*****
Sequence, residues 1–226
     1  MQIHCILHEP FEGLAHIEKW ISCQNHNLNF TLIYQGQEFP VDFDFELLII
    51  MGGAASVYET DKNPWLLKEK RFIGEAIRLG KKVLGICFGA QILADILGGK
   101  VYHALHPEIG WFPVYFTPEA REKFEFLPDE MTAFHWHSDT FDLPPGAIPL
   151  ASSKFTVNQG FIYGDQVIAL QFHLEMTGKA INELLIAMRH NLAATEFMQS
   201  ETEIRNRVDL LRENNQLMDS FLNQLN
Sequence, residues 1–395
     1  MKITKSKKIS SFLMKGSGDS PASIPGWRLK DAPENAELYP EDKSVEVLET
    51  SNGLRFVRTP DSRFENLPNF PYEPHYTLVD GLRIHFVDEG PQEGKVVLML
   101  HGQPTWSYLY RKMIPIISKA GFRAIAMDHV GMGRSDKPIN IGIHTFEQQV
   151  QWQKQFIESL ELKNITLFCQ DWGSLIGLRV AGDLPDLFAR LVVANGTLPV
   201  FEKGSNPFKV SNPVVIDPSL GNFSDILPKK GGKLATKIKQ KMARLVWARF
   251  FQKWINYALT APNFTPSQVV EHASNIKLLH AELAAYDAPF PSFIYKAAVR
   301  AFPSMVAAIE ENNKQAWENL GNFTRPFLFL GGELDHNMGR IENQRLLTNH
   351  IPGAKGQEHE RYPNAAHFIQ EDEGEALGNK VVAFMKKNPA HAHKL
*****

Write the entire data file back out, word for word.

Sequence, residues 1–226
     1  MQIHCILHEP FEGLAHIEKW ISCQNHNLNF TLIYQGQEFP VDFDFELLII
    51  MGGAASVYET DKNPWLLKEK RFIGEAIRLG KKVLGICFGA QILADILGGK
   101  VYHALHPEIG WFPVYFTPEA REKFEFLPDE MTAFHWHSDT FDLPPGAIPL
   151  ASSKFTVNQG FIYGDQVIAL QFHLEMTGKA INELLIAMRH NLAATEFMQS
   201  ETEIRNRVDL LRENNQLMDS FLNQLN
Sequence, residues 1–395
     1  MKITKSKKIS SFLMKGSGDS PASIPGWRLK DAPENAELYP EDKSVEVLET
    51  SNGLRFVRTP DSRFENLPNF PYEPHYTLVD GLRIHFVDEG PQEGKVVLML
   101  HGQPTWSYLY RKMIPIISKA GFRAIAMDHV GMGRSDKPIN IGIHTFEQQV
   151  QWQKQFIESL ELKNITLFCQ DWGSLIGLRV AGDLPDLFAR LVVANGTLPV
   201  FEKGSNPFKV SNPVVIDPSL GNFSDILPKK GGKLATKIKQ KMARLVWARF
   251  FQKWINYALT APNFTPSQVV EHASNIKLLH AELAAYDAPF PSFIYKAAVR
   301  AFPSMVAAIE ENNKQAWENL GNFTRPFLFL GGELDHNMGR IENQRLLTNH
   351  IPGAKGQEHE RYPNAAHFIQ EDEGEALGNK VVAFMKKNPA HAHKL